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What We Were Designed For: From Marcus Aurelius’ Meditations, Part 1 of 2



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Marcus Aurelius was a Roman emperor of the 2nd century, also known as the last of the Five Good Emperors, after Nerva, Trajan, Hadrian, and Antoninus Pius.

Marcus Aurelius wrote personal notes and ideas on Stoic philosophy and spirituality as a source of guidance for himself. These notes, originally written in ancient Greek, formed a collection called “Meditations.” Today, we will read a selection from Marcus Aurelius’ book “Meditations.”

“The world’s intelligence is not selfish. It created lower things for the sake of higher ones, and attuned the higher ones to one another. Look how it subordinates, how it connects, how it assigns each thing what each deserves, and brings the better things into alignment.”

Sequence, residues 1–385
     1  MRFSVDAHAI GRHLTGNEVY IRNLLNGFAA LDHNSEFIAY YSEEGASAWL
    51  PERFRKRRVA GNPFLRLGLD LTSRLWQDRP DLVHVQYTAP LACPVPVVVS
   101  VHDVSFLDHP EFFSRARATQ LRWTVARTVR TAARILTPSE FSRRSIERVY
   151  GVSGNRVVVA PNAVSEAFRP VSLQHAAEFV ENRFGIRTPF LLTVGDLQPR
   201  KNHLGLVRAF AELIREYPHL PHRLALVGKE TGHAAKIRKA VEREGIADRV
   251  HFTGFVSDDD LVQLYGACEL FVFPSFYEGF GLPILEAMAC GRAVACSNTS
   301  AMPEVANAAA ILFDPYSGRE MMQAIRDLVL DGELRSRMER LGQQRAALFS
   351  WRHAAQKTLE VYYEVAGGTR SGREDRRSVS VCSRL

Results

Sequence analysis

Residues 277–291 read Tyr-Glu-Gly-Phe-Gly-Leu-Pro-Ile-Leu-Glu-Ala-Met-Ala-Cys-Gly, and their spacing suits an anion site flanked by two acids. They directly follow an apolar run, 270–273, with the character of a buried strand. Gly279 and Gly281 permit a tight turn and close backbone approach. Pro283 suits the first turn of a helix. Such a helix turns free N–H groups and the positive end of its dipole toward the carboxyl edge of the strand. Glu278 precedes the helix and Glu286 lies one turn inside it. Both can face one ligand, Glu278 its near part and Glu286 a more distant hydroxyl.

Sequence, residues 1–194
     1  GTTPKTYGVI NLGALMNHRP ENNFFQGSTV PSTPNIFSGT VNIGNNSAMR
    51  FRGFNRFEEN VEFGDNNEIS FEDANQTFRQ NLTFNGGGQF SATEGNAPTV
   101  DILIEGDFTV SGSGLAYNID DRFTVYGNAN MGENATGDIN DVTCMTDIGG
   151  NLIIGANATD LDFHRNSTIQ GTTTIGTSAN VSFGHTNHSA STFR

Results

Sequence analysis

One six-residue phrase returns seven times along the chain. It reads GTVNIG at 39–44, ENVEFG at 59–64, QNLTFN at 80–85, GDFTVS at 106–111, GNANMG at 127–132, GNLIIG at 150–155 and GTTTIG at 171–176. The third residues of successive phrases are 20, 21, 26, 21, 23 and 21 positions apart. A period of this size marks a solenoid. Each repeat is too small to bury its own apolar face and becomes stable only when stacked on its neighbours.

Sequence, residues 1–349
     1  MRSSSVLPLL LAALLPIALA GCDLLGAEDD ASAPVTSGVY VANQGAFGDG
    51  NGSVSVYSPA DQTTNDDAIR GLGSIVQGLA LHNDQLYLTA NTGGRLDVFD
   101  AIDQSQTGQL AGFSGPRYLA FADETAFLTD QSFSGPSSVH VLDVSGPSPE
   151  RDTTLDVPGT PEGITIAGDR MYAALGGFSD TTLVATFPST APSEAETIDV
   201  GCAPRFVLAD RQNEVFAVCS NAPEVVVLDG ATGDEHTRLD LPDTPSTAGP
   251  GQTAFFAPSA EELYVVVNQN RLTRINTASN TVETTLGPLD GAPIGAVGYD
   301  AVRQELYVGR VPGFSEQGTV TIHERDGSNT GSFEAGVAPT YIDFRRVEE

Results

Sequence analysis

“Why are you still here? Sensory objects are shifting and unstable; our senses dim and easily deceived; the soul itself a decoction of the blood; fame in a world like this is worthless. — And so? Wait for it patiently — annihilation or metamorphosis. — And until that time comes — what? Honor and revere the gods, treat human beings as they deserve, be tolerant with others and strict with yourself. Remember, nothing belongs to you but your flesh and blood — and nothing else is under your control. You can lead an untroubled life provided you can grow, can think and act systematically. Two characteristics shared by gods and men (and every rational creature): 1. Not to let others hold you back. 2. To locate goodness in thinking and doing the right thing, and to limit your desires to that.

“Nature is pliable, obedient. And the Logos (the Word of God) that governs it has no reason to do evil. It knows no evil, does none, and causes harm to nothing. It dictates all beginnings and all endings. Just that you do the right thing. The rest doesn’t matter. Cold or warm. Tired or well-rested. Despised or honored. Dying… or busy with other assignments. Because dying, too, is one of our assignments in life. There as well: ‘to do what needs doing.’”
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